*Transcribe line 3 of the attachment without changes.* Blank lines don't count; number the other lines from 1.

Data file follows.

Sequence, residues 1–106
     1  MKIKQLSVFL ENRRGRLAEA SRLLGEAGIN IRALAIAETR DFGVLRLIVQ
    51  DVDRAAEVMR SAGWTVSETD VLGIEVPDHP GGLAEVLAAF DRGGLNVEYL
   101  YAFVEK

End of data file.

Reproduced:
    51  DVDRAAEVMR SAGWTVSETD VLGIEVPDHP GGLAEVLAAF DRGGLNVEYL